In 2018, paying for online video, music, games and (yes) news subscriptions will feel as normal as a $4 latte. Deloitte predicts that by the end of the year, 50 percent of adults in developed countries will have at least two online-only media subscriptions. Expect Apple to redouble its subscription video efforts, as well as big battles over streaming rights for sports. The shift to subscriptions is good for high-quality content creators who can’t make it with advertising alone, but consumers may start to feel the pain of too many $10-per-month subscriptions. Here’s to hoping we see more bundle options, like a recent $5 a month combo deal of Hulu and Spotify for college students.
Reasons to worry
Online political ads
get more devious
Oh, you thought the 2016 election was bonkers? In the 2018 midterm elections, there will be even more tech to data-mine the lives of American voters. Instead of just demographics, ads could use “psychometrics”—gleaned from how we use social networks and other data—to target us based on our mindsets and personalities. It raises a host of thorny questions about how technology, particularly social networks, can be used to manipulate us and divide society. Online ads may also still be a lure for foreign meddlers, though Facebook and Google have promised more disclosure about who’s buying political ads.
The cybersecurity menace keeps growing
Please maintain your near-constant state of alarm about hacking. In 2018, the risks are likely to only increase, and cyber sleuths say possible targets include connected gadgets and U.S. election systems. Businesses will be on the hunt for new ways to verify our identities in a world where Equifax data is out in the wild. And you’ll find a lot more apps and websites requiring extra steps to log in, such as “two-factor” systems that require a special code. My recommendation: Take an hour and change your password to something unique on every site with personal information. A password manager such as Dashlane or LastPass can help you keep track.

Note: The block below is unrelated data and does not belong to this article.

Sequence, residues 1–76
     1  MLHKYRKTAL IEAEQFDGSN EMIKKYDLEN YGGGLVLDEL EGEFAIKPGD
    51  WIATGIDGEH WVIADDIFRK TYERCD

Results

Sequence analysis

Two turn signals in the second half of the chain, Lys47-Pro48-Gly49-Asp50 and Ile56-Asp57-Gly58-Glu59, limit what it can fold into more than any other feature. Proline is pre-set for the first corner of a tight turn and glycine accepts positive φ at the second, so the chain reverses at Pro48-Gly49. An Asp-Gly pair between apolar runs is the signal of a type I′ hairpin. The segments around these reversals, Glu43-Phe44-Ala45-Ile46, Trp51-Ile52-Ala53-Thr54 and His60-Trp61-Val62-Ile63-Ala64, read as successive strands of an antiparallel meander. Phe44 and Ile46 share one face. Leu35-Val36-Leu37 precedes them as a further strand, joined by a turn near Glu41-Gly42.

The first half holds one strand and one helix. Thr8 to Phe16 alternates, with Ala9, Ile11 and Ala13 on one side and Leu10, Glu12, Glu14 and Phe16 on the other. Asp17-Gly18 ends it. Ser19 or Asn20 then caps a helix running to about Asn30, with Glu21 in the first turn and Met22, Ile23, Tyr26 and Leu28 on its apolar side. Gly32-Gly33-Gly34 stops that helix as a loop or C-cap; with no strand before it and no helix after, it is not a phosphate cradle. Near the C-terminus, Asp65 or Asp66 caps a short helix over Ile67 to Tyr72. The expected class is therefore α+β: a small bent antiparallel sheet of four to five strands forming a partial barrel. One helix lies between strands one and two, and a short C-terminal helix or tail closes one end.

Dongles stick around
Dongle is the icky term for an adapter we need to connect things to phones and computers and proceed to lose at the bottom of bags. And it’s an icky part of gadget life that isn’t going away soon. Dongles were supposed to be a temporary bridge to the future for gadgets like the MacBook Pro, which removed the traditional wide USB port. But since 2016, the smaller USB “type C” plug Apple and others began using on laptops just hasn’t become common for accessories. (Even Apple’s own flagship iPhone X doesn’t come with a type-C cable.) This is a design flaw that afflicts an entire industry—and we’re the ones stuck with the dongle life.
Artificial intelligence judges you
Much of the conversation about AI to date has been hype. But in a million quiet ways, the tech is seeping into our lives—and for every happy use of AI, there seems to be a creepy one. It’s making decisions about what we watch and read. It can even be used to create authentic-looking fake content that has a scary name: “counterfeit reality.” How might AI be used to judge our voices, faces, emotions—or even whether we’re worth hiring? Companies are starting to discuss AI ethics, but keeping this tech accountable will be hard because we won’t always recognize its invisible hand.
Big tech keeps
Silicon Valley got raked over the coals in 2017 about sexism, security and its influence on national affairs. But it hasn’t really grappled with the bigger problem: There’s too much power in the hands of too few. All five of America’s largest publicly traded companies are tech firms. Just the specter of Amazon’s expansion has prompted megamergers in recent months between Disney and Fox as well as CVS and Aetna. (Amazon chief executive Jeff Bezos also owns The Washington Post.) Nobody’s been able to significantly challenge Apple in smartphones. Google and Facebook dominate not just the media, but also our time and attention. Expect to see tech giants flogging their “social good” efforts in the year ahead, but our trust won’t be restored by watching them act like benevolent dictators.